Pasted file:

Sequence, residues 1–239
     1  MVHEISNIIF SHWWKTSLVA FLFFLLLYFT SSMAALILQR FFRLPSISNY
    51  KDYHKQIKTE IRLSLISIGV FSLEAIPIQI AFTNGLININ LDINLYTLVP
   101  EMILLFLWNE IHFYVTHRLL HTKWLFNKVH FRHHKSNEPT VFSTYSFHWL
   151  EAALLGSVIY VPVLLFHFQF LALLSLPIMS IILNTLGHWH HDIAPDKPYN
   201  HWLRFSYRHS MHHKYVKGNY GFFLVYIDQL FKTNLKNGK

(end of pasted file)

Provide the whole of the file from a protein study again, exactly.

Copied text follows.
Sequence, residues 1–239
     1  MVHEISNIIF SHWWKTSLVA FLFFLLLYFT SSMAALILQR FFRLPSISNY
    51  KDYHKQIKTE IRLSLISIGV FSLEAIPIQI AFTNGLININ LDINLYTLVP
   101  EMILLFLWNE IHFYVTHRLL HTKWLFNKVH FRHHKSNEPT VFSTYSFHWL
   151  EAALLGSVIY VPVLLFHFQF LALLSLPIMS IILNTLGHWH HDIAPDKPYN
   201  HWLRFSYRHS MHHKYVKGNY GFFLVYIDQL FKTNLKNGK